Figure 9b. Root and facial images of one of the wires

The impact toughness of the weld metals was evaluated by Charpy impact testing. Impact test results are seen in Table 1 and Figure 10 also shows the values of Charpy V-Notches parallel to the weld axis (Figure 2a) tested at -20C and 20 C for G, K, S, E, B and M FCWs. The charpy impact values at 20C and -20C indicate that maximum toughness was obtained for B wire, with 158 joule at 20C and 88 joule at -20C. It is attributed to the low hardness showed in Table 3. E wire has also very low impact energy compared to other wires. It is known that when the hardness value increase, the impact toughness decreases. Thus, it is concluded that E wire, which has high hardness strength, shows brittle character so impact toughness decreases. E wires fine grain size also supports its high hardness. M wire also has the second highest value with 63 joule at -20C. As shown in the Table 3, K wire with 14 joule and G wire with 32 joule at -20 C have the lowest toughness value. It appears that the toughness values obtained one lower than the values which could be generally generated for low carbon structural steels.
Figure 8. Tensile strength values of FCWs

Figure 7. Tensile specimen of wire ruptured from base metal as a sample

Bending results were given as bendability. It has not observed any problems during the bending tests of the wires. Figure 9a shows the bending specimen and bending test machine. Figure 9b shows facial and root bend images of one of the wires.

In this study, st 52, 3 grade steel was used and this has caused some degree of dilution into the weld metal and has adversely affected the properties of the weld metal toughness values. However, the values obtained for the comparison reason can still be used for comparing the weldments.

Figure 9a. Bending specimen image and bending test

Figure 10. Charpy impact values of FCWs

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Different FCWs hardnesses were performed on the samples with a Vickers indenter with a load 300 g. force. Figure 11 shows the hardness values of FCWs. As shown in figure, E wire has the highest hardness with 306 Hv among the all FCWs.

wire K (46 Joule). This rutile K wire has also produced lowest impact toughness value (14 Joule) at -20C. The E wire has produced 22 Joule Charpy impact energy at -20C while it has exhibited highest hardness values of 306. The reason of low impact toughness values needs to be clarified. Hence, oxygen levels are currently examined and also new welds are being made for new sets of tests. The microstructure of the K wire has exhibited coarse grains while E wire assumed to have higher content and coarser non-metallic inclusions to cause lower impact toughness properties. The measurements of the oxygen levels and SEM investigations of the morphology of inclusions and fracture surfaces of the welds are in progress.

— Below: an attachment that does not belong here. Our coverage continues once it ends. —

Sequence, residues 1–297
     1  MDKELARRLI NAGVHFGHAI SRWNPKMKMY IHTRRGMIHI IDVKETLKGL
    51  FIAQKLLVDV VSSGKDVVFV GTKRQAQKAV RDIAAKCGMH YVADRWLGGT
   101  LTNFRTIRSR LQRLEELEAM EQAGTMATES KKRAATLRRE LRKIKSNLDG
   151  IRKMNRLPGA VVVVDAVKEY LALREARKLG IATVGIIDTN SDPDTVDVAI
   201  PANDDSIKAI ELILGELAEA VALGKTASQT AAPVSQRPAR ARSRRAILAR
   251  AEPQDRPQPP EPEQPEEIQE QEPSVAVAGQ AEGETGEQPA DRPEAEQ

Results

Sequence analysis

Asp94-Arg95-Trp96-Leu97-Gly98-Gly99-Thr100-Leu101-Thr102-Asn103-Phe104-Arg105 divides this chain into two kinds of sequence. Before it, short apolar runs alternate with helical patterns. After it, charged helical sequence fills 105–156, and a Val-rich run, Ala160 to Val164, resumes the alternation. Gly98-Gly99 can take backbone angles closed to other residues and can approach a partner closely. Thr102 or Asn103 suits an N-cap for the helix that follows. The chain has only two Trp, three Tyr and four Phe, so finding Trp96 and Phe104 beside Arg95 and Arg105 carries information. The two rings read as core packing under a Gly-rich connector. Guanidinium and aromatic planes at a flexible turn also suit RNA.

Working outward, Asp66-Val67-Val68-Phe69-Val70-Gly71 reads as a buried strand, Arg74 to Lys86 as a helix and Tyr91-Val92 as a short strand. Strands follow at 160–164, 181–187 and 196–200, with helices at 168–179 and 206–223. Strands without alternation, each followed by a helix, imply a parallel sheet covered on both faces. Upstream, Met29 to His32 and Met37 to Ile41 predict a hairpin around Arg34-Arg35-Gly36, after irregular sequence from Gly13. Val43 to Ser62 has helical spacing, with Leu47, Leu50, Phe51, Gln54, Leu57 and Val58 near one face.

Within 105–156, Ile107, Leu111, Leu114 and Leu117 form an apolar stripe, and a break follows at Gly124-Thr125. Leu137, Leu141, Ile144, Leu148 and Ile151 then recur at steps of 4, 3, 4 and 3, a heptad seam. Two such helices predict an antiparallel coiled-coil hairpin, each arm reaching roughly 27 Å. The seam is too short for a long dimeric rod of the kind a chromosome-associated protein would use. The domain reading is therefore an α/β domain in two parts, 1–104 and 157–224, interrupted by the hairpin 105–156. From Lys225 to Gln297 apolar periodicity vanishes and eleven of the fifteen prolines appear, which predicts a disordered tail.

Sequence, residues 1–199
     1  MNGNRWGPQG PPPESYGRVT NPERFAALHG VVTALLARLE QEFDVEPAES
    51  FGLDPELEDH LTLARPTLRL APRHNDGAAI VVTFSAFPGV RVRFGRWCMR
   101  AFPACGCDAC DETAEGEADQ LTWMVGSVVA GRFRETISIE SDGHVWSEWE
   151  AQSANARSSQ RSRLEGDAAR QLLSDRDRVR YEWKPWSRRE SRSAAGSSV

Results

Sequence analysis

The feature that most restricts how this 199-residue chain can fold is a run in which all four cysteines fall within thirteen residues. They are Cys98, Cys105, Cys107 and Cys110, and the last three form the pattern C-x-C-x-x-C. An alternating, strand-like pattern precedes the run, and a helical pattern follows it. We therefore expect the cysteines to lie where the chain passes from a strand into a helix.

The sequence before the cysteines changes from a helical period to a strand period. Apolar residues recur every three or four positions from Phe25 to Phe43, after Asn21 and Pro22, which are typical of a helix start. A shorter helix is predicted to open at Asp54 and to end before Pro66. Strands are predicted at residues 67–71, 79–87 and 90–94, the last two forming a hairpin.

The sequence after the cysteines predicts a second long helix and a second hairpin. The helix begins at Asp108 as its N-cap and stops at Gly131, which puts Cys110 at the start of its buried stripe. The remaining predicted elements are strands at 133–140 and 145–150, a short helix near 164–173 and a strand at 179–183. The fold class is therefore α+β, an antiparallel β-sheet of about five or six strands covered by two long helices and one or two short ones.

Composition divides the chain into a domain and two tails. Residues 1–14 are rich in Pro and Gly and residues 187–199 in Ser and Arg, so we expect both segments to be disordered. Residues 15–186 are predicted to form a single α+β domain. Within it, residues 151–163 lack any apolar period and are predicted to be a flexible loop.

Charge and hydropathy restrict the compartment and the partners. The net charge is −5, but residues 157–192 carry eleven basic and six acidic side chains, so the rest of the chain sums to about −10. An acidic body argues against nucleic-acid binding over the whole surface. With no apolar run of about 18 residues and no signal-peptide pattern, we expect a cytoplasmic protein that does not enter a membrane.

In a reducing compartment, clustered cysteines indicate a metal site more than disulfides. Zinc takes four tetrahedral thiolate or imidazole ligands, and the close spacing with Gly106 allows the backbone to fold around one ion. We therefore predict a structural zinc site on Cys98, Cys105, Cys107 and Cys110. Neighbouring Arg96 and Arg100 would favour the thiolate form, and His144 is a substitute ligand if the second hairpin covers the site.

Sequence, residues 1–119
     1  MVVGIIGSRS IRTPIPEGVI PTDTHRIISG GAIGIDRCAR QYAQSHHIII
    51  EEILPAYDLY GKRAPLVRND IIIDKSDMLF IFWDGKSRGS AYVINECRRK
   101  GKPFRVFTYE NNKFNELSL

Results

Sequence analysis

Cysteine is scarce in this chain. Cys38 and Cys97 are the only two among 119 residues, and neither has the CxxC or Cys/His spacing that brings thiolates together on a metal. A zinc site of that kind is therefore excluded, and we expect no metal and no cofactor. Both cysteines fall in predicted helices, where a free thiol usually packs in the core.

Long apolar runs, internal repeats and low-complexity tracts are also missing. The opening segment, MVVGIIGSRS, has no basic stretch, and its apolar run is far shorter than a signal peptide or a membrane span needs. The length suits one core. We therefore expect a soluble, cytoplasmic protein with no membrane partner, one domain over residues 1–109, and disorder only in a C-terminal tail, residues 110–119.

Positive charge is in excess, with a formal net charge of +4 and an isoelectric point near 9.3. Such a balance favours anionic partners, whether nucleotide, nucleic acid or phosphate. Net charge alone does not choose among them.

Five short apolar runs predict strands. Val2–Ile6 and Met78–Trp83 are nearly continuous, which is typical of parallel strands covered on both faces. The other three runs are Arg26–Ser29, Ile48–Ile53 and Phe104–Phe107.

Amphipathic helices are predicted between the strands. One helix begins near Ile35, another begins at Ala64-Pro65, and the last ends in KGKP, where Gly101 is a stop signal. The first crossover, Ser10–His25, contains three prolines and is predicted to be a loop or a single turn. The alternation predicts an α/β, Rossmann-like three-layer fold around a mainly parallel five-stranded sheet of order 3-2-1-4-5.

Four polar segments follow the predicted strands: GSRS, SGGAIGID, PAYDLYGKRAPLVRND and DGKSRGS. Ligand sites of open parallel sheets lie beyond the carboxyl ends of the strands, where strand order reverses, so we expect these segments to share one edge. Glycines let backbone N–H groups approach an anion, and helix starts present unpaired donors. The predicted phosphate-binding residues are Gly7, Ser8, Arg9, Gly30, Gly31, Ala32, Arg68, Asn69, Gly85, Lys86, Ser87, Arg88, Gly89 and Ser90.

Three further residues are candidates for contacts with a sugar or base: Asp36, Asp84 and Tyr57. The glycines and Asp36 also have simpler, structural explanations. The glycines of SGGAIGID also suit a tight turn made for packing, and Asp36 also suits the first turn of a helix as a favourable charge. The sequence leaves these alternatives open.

Weld Metal

Figure 11. Hardness values of FCWs

It is evident from the data presented in Table 2, Nickel content are obtained for weld metal is high in E wire since higher nickel content supports the highest hardness values. Nickel content of E wire is about % 0.46, G, K, S, B and M wires nickel contents are 0.009, 0.057, 0.192, 0.04 and 0.007 respectively. As reported by Kang et al. [9] for a low-Mn composition, Ni addition increases hardness without sacrificing impact toughness much whereas for a high Mn composition (1.6 % Mn), Ni deteriorates the impact toughness seriously. Furthermore, E wire has fine grain size. This property makes the wire harder. The lowest hardness value is G wire with 255 Hv and K wires hardness value is also low compared to others. Coarse grain and inclusions in weld metal keep the G and K wires hardness low. B and M wires hardnesses were found approximately 270 Hv.

References
[1] Pitrun M., Nolan D., Dunne D., Diffusiable Hydrogen Content in Rutile Flux-cored Arc Welds as a Function of the Welding Parameters, Welding In the World, Vol 48, n , 2004. [2] Posh G., Baumgartner S., Fiedler M., GMA-Welding of creep resistant steels with flux cored wires (FCAW): perspectives and limitations, IIW International Conference on Advances in Welding and Allied Technologies, 2009. [3] Marie A., Zhang J. , Self-Shielded Flux Cored Welding for Steel Constructions- Productivity and Performance, IFWT 2006. [4] Welding, Brazing and Soldering ASM Handbook, Vol 6, 1993. [5] Kannan T., Murugan N., Effect of flux cored arc welding process parameters on duplex stainless steel clad quality, Journals of Materials Processing Technology, 2006. [6] Liao M. T. and Chen W. J., A Comparison of Gas Metal Arc Welding with Flux-Cored Wires and Solid Wires Using Shielding Gas, The International Journal of Advanced Manufacturing Technology, 1999. [7] Varga T, Konkoly T, Straube H. Investigation on microstructure, toughness, and defect tolerence of gas metal arc weld metal., IIW Document, X-1205-90. [8] Mukhopadhyay S., Pal T.K., Effect of shielding gas mixture on gas metal arc welding of HSLA steel using solid and flux-core wires, The International Journal of Advanced Manufacturing Technology,29: 262-268, 2006. [9] Coronado J.J., Ceron C.,Fracture mechanisms of CTOD samples of submerged and flux cored arc welding, Theoretical and Applied Fracture Mechanics,2010.

5. Conclusions
In this study, FCWs in rutile, basic and metal-cored types were used to produce butt-joints and the welds were investigated in terms of microstructural features and mechanical properties to find out the microstructureproperty relationships. Commercially available FCWs (from different manufacturing companies and countries) were used and their results are compared with prototype wires which are currently in development. Microstructural features were examined using optical micrograpical examinations while Charpy-V toughness was obtained both at RT and -20C temperatures. Tensile tests were conducted at RT. Following conclusions could be made for the results obtained: For all FCWs, no major weldability problem was observed and all weld joints were produced without any weld defects. Tensile strength values of all weld metals were above 510 MPa while Charpy-V toughness values at RT were above 80 Joule except FC-